Although the Bruce McNall's autobiography came out in 2003, it's been good summer reading especially given the state of the NHL today.
Reading it you're first blown away by how McNall was able to go years on end playing one bank loan off against another; all of this done well before his purchase of the Los Angeles Kings. OK, so he wasn't caught, tried and convicted until even more years passed and he fooled many others but it goes to show just how little the NHL digs into owners' backgrounds. The other owners even ended up making McNall chairman of the board of governors! It was during this time that McNall looked at the NBA as the model to follow which led to a failed attempt to get David Stern to replace Gil Stein before settling on Gary Bettman from the NBA offices.
Anyway, you can read the book (Fun While It Lasted) for yourselves for all the details on not just McNall's NHL life, but some hockey-related nuggets are well worth repeating here. McNall was no hockey neophyte. He was a fan well before he purchased the team and often used to scoop the best seats off scalpers during the days of the Triple Crown Line.
The Wayne Gretzky trade at the time and even later people question exactly how much influence the Wayner had on engineering it. Now it really was something McNall planted in the mind of Edmonton Oilers' owner Peter Pocklington yet Gretzky did meet with McNall a few times well prior to the trade. McNall also openly to #99 himself had told him he wanted to trade for him.
Just prior to the trade going down, McNall told Wayne that if he really rather move to his childhood team, the Detroit Red Wings, the Kings would setp aside and let Wayne go there. That apparently was when Wayne made up his mind to trust McNall would have his interests at stake over the backstabbing that Wayne felt Peter Puck did to Gretzky's reputation.
When McNall and Wayne got together to negotiate a contract, Wayne said, "Just pay me what you think I'm worth." McNall figuring Gretzky was equal to the Los Angeles Lakers' Magic Johnson as far as the local sports market went offered Wayne the same $3 million a year Magic was earning. Wayne considered that too much and eventually McNall asked Wayne to write down a number he was comfortable earning. Wayne wrote down $1 million but McNall ended up making that $2 million a year which made him the highest paid NHLer at the time. McNall also guaranteed from then on that Gretzky would always be the highest paid player in the league so Wayne's contract would increase if another player's new deal was higher than his.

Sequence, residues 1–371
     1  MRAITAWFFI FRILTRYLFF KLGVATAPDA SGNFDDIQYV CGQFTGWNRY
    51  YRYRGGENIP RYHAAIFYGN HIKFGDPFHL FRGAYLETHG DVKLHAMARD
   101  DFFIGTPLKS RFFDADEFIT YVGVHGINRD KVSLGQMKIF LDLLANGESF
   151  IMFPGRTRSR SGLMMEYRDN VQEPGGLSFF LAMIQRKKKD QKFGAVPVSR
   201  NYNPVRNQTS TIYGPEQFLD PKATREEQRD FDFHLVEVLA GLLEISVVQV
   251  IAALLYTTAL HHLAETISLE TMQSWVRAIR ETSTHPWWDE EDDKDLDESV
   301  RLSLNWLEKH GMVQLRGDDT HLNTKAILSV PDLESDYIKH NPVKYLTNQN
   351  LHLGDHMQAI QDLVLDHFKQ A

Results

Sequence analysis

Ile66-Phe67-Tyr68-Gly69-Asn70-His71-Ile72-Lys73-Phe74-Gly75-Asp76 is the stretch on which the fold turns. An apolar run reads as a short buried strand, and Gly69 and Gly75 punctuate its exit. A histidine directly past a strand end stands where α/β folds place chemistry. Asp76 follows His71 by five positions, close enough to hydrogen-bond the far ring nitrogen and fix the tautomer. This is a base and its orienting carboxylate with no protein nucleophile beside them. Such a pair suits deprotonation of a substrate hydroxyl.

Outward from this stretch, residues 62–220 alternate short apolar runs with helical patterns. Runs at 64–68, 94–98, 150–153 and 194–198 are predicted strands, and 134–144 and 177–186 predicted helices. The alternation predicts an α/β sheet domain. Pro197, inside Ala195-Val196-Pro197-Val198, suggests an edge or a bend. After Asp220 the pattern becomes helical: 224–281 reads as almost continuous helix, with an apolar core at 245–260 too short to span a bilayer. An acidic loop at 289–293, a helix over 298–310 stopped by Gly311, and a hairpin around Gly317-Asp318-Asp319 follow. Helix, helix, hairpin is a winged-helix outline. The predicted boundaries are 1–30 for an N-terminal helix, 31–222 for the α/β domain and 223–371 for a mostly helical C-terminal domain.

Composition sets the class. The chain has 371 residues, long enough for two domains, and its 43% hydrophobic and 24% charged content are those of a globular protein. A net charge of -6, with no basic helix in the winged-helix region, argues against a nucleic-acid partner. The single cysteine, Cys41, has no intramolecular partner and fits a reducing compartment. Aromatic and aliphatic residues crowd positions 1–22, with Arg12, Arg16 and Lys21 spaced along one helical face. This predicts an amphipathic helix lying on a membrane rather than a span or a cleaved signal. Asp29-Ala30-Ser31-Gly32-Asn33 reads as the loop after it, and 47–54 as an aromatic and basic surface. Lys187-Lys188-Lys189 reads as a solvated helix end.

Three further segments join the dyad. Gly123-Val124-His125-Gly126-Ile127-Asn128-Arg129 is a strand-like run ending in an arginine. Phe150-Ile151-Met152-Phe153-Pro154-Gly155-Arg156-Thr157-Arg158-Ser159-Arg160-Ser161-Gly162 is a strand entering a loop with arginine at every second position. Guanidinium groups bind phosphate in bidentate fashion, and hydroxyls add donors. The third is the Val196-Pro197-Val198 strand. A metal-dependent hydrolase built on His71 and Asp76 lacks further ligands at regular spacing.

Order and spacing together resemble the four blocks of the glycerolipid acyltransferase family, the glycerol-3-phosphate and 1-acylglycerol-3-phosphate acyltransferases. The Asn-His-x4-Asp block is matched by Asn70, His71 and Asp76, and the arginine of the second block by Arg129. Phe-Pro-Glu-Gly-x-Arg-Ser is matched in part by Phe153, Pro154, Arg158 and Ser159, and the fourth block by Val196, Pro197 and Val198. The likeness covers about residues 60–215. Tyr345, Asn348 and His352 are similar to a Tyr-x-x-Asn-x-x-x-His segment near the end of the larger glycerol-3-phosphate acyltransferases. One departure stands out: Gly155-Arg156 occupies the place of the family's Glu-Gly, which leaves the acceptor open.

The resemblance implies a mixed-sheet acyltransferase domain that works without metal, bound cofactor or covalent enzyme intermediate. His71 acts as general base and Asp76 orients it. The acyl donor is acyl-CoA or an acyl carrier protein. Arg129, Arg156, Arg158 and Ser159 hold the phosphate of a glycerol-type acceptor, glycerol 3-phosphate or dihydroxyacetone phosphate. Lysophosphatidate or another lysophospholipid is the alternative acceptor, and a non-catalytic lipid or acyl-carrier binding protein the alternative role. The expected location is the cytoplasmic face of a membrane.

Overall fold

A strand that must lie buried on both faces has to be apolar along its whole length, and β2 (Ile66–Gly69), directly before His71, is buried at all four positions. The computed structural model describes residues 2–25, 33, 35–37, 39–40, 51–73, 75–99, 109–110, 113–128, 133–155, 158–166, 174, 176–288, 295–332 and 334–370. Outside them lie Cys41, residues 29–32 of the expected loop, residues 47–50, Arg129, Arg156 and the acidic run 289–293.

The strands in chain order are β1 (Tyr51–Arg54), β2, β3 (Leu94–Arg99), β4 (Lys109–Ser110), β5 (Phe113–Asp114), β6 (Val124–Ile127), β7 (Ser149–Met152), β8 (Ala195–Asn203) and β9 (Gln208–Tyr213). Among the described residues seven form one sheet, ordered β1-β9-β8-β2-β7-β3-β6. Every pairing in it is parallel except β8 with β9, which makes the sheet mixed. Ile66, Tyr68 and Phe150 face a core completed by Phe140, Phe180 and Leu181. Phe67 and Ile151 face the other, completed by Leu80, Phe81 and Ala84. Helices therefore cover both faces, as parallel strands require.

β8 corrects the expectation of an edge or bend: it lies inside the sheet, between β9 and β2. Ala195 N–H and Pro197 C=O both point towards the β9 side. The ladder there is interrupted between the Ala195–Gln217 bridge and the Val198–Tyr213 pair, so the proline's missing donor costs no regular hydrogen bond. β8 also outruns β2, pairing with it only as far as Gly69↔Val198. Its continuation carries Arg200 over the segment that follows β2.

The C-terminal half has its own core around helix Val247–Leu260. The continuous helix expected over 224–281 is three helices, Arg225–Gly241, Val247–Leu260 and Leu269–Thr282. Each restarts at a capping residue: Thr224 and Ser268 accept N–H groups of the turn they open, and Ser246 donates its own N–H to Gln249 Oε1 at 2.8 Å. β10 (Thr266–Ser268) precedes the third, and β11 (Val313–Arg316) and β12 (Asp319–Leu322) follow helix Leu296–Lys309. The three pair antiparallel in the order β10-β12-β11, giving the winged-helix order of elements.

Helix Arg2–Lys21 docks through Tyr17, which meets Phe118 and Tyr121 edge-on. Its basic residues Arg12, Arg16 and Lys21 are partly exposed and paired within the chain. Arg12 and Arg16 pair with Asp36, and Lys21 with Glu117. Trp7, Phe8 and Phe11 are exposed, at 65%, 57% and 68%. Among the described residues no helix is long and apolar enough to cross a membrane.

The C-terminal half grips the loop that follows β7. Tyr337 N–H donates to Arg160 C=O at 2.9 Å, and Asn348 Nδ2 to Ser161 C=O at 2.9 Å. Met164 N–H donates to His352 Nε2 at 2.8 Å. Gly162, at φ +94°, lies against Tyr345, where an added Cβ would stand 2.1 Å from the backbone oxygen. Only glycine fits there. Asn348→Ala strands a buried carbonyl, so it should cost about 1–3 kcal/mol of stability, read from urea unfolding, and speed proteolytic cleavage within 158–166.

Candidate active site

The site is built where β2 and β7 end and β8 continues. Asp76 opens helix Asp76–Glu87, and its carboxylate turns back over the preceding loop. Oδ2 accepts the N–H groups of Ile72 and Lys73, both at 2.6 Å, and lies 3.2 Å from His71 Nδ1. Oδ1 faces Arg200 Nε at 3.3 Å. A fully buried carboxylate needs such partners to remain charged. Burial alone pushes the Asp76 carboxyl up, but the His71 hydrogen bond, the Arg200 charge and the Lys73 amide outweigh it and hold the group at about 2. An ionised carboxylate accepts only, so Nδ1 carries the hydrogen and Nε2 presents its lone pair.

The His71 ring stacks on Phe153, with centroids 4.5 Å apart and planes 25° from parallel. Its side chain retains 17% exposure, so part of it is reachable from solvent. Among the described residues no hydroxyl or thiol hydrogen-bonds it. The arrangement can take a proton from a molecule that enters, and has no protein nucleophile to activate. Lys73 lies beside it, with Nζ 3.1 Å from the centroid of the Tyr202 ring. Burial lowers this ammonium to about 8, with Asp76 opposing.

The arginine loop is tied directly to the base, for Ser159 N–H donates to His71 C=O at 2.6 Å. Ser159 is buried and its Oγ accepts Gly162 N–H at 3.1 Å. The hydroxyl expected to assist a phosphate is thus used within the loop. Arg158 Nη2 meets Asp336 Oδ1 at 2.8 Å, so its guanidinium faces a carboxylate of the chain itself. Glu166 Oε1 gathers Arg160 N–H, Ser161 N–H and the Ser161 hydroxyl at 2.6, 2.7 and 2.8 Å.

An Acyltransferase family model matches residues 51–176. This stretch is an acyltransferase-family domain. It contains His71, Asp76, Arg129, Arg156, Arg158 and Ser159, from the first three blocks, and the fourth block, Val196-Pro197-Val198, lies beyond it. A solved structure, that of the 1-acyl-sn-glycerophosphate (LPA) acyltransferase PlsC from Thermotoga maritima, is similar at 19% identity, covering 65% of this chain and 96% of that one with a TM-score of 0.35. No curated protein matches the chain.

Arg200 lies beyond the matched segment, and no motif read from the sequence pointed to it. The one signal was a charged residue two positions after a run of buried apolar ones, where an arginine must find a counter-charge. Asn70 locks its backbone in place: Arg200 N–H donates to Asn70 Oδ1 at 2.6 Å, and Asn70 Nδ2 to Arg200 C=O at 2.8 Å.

McNall also takes us behind the doors of league meetings with the most hilariously weird factoid to come out of that was Gil Stein's poetry. The NHL commissioner between the reigns of John Zeigler and Gary Bettman, Stein was mainly known as a sort of do-nothing commish. This passage sort of sums up what planet Stein was on:
"At every league meeting he [Stein] rose before the final gavel and recited an epic-length poem that recounted every thing we had accomplished with plenty of humor."
I guess you had to be there or maybe someone has recorded those Homeric poems on their Victorola for posterity.
Hockey-wise Maple Leaf fans recall the whole fuss over Wayne Gretzky high sticking Doug Gilmour in Game 6 of the Western Conference Finals and not getting suspended. What is forgotten in all this are two significant previous incidents. In the '92/93 regular season Gilmour broke Gretzky's right wing linemate Tomas Sandstrom's arm with a slash. Then in Game 1 of the series, Marty McSorley put a well-placed elbow to Gilmour's jaw as retribution. The funny thing is after McNall mentions all this, he doesn't even mention the Game 6 incident between the Wayner and Dougie.
Lastly, when McNall's bail is set by a kind judge at a very low $100,000, ex-Kings' GM (and all-time great Kings goalie) Rogie Vachon posted bail in the form of his vacation home given McNall was so massively cash-poor he couldn't cover the bail amount.
The purchase of the Toronto Argonauts is also great food for the sports fan's plate. Those freaked out by the Buffalo Bills push to get regular seasons games played in T.O. and the possibility of the NFL moving in on the CFL Argos' market should know McNall had a similar idea. His purchase of the Argos was with an eye towards putting an NFL team in Toronto although it was kept very hush hush at the time.
Their signing of the college football star Raghib "the Rocket" Ismail made a big splash but wasn't revealed at the time was a secret arrangement that McNall made with the NFL Raiders' owner Al Davis. McNall figured they'd release Ismail after two years in the CFL looking at him only as a short-term fix to get the Argos into the Grey Cup and boost the value of the team. So the Raiders drafted Ismail realziing they wqere not going to sign him anyway comforatble in the knowledge that McNall would let him jump to the Raiders in two years' time.
Also, Ismail, although a pretty good player at the CFL level was a disaster as a PR guy. He was uncomfortable in front of the media and fans so endorsement deals and promo appearances were few and far between for the supposed star of the Argos.
All in all, the book comes across as a cautionary tale as it does go right into his jail term, years after being convicted on bank fraud charges among other things. From a sports perspective, though, McNall is so upfront about what goes on behind the scenes in not only the sports of hockey and football but also horse racing that this really is a must-read for anyone interested in that side of the business.